Once you know ‘why’, plan when you will start. Will you journal in the morning or evening? When do you have some spare time? I’d also recommend setting a date to review how you’re doing. Are you seeing some benefits? If not, you can switch things up, decide journaling is not for you or focus more on what you’re finding helpful.

>>> Listen to The Resilience Series – Starting a Journal

>>> Read How to Create a Journaling Habit

>>> Read Why You Don’t Want to Journal and What to Do About It

>>> Read How to Get the Most Out of Your Journal

Different Approaches

There’s more than one way to journal. Some people find it easy to write pages and pages; others need prompts to guide them. Some people crave structure; others like to see where their mind takes them. Some people want to reflect and work through their thoughts, while others want to focus on gratitude alone.

If you’ve struggled to journal in the past, it might be worth trying a slightly different approach. Even if you already have a solid practice, going through a difficult time or experiencing a crisis could mean you need to use your journal in a slightly different way.

>>> Read What is a Gratitude Journal and What are the Benefits?

>>> Read Bullet Journaling for Mental Health

>>> Read How to Use Your Journal During a Crisis

Save 50% on The CBT Journal with Code SAVE50

A few years ago, adding a regular journaling practice to my self-care routine helped me work through some difficult feelings. Because of this, I went on to create the CBT Journal. It’s designed to help anyone who is new to learning about cognitive behavioural therapy and keen to understand their mind more. Maybe you’re currently experiencing mental health problems or have struggled in the past. Perhaps you’re simply curious about your current patterns of thinking, feeling, and doing.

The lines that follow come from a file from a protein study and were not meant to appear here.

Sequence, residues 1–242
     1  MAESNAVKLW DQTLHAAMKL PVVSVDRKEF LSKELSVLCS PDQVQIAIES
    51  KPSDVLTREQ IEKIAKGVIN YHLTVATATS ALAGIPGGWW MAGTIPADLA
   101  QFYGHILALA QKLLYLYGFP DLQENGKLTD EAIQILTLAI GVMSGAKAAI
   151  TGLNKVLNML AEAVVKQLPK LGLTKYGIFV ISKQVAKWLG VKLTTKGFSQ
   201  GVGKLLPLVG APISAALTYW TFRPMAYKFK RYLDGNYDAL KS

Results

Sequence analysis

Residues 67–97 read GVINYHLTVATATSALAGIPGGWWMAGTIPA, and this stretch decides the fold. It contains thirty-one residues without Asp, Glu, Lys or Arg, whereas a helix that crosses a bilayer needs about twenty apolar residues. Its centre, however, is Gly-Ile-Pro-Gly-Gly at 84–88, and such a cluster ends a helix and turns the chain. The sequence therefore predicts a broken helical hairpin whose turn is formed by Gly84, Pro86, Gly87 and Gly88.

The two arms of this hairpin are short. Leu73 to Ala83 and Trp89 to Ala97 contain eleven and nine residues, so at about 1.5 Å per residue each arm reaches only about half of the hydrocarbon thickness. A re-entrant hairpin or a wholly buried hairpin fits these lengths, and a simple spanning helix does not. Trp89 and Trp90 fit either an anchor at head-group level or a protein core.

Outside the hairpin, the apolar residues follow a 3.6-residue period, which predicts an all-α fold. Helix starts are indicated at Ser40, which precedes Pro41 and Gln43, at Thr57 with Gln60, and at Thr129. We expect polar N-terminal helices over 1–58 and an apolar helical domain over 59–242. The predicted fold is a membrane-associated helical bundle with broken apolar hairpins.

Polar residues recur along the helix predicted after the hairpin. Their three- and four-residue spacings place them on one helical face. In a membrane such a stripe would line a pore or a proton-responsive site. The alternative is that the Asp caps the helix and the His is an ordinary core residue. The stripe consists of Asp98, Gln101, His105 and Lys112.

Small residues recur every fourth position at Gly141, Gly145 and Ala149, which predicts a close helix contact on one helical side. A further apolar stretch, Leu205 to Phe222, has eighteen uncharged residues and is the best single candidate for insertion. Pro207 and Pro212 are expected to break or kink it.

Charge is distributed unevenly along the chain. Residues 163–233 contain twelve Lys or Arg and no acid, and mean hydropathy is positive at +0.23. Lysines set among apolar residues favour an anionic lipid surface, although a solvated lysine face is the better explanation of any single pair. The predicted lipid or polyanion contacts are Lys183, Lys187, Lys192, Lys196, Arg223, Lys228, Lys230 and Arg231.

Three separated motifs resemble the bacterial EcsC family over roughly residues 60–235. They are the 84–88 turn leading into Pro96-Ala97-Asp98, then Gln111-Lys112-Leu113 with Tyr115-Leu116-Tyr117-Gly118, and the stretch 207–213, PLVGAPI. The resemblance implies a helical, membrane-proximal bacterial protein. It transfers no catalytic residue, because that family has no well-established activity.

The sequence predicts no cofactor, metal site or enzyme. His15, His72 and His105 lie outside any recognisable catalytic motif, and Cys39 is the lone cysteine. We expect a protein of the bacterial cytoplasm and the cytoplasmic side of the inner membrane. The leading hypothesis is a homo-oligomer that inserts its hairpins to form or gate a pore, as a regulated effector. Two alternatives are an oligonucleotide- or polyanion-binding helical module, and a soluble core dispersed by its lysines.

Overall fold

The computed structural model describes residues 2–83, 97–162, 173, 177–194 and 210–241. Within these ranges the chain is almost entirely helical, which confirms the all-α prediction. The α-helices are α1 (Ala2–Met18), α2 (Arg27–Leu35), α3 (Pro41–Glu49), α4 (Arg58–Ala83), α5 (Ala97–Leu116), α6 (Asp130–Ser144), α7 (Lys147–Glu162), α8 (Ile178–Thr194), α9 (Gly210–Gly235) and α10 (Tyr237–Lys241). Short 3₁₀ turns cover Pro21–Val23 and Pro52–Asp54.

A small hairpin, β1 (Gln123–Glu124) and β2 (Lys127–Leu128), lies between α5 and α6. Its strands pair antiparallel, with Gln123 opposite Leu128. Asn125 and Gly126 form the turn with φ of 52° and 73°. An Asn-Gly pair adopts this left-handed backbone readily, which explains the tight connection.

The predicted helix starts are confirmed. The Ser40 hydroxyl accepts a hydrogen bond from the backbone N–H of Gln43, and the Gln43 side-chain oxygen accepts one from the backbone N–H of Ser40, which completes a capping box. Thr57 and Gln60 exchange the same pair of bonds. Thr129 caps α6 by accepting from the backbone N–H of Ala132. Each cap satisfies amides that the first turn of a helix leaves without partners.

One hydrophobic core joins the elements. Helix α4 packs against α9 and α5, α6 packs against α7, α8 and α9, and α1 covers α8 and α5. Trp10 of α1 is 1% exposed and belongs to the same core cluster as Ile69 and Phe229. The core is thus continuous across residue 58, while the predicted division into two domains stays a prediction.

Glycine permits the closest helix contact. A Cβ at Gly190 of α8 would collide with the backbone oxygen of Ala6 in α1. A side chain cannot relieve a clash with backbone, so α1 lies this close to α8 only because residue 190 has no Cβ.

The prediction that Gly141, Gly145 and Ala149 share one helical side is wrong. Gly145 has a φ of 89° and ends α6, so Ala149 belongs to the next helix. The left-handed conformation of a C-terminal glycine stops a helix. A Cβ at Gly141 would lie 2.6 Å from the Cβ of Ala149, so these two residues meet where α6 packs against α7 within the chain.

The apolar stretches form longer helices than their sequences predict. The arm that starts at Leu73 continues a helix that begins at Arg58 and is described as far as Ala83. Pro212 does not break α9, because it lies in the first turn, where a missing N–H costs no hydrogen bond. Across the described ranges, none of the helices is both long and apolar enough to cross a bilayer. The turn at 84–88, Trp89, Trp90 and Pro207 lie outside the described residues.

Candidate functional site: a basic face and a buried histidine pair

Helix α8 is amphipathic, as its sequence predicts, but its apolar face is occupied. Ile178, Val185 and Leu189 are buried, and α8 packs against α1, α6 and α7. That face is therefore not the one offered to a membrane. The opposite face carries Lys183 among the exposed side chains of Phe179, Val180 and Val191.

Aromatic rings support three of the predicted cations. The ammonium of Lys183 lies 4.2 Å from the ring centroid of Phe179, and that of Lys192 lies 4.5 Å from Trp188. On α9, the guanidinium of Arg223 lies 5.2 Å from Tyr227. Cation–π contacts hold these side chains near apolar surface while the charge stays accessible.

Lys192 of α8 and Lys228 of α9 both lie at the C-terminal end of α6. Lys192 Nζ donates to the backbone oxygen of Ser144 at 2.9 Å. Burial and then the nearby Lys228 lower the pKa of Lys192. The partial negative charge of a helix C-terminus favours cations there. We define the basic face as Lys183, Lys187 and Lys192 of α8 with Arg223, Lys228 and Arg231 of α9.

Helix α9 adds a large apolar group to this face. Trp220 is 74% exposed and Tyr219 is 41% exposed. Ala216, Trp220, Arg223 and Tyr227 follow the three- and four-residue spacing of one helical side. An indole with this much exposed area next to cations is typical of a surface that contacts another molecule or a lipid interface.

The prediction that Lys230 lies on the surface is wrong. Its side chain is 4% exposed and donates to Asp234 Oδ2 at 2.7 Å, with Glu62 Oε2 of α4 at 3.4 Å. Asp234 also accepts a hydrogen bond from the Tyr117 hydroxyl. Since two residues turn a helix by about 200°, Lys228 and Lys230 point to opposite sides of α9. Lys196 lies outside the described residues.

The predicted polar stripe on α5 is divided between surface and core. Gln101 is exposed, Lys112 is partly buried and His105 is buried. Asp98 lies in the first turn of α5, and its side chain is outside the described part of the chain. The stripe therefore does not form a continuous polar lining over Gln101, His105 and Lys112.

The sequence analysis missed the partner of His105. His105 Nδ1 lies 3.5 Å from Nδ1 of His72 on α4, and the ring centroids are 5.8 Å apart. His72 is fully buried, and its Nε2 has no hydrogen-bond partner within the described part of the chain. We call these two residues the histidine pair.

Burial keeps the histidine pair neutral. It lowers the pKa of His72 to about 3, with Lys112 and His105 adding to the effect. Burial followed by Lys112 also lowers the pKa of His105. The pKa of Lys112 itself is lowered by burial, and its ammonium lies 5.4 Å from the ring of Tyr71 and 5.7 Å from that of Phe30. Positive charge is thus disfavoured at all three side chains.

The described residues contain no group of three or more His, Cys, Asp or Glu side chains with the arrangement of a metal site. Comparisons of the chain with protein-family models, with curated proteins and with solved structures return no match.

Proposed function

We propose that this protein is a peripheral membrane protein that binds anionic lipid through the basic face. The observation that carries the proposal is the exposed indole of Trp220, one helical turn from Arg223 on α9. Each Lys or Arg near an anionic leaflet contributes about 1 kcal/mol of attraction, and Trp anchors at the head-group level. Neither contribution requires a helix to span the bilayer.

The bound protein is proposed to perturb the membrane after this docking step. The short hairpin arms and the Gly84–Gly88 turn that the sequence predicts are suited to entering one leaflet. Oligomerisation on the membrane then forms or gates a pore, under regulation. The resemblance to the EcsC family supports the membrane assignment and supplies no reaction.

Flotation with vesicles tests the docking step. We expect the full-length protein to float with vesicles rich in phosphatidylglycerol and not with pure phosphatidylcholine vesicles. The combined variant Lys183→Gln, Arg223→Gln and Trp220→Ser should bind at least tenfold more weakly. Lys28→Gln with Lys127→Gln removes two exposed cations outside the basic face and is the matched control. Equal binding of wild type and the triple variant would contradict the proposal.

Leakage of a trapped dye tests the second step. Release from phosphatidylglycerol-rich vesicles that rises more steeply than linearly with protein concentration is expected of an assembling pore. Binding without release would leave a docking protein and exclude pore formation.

The Journal takes the form of a digital download and is divided into two sections. First, you’ll gain a deeper understanding of the principles of CBT and learn how to apply them to your journaling for well-being practice. Structured journaling sheets bring your awareness to the thoughts, feelings and behaviours that shape your daily life. There’s also space for daily gratitude to provide balance and build emotional resilience. Additional worksheets are provided to help you alter unhelpful thinking patterns, process emotions and change behaviours.

>>> Read What is The CBT Journal and How Can it Improve Your Metal Health?

>>> Save 50% on The CBT Journal with code SAVE50

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Sarah Rees

Sarah is a fully accredited Cognitive Behavioural Therapist and mental health writer delivering Modern Mental Health for you and with you in Mind. Sarah is the author of ‘The CBT Journal’ which helps you write for your wellbeing incorporating CBT techniques. For more information and to keep in touch have a look at sarahdrees.co.uk.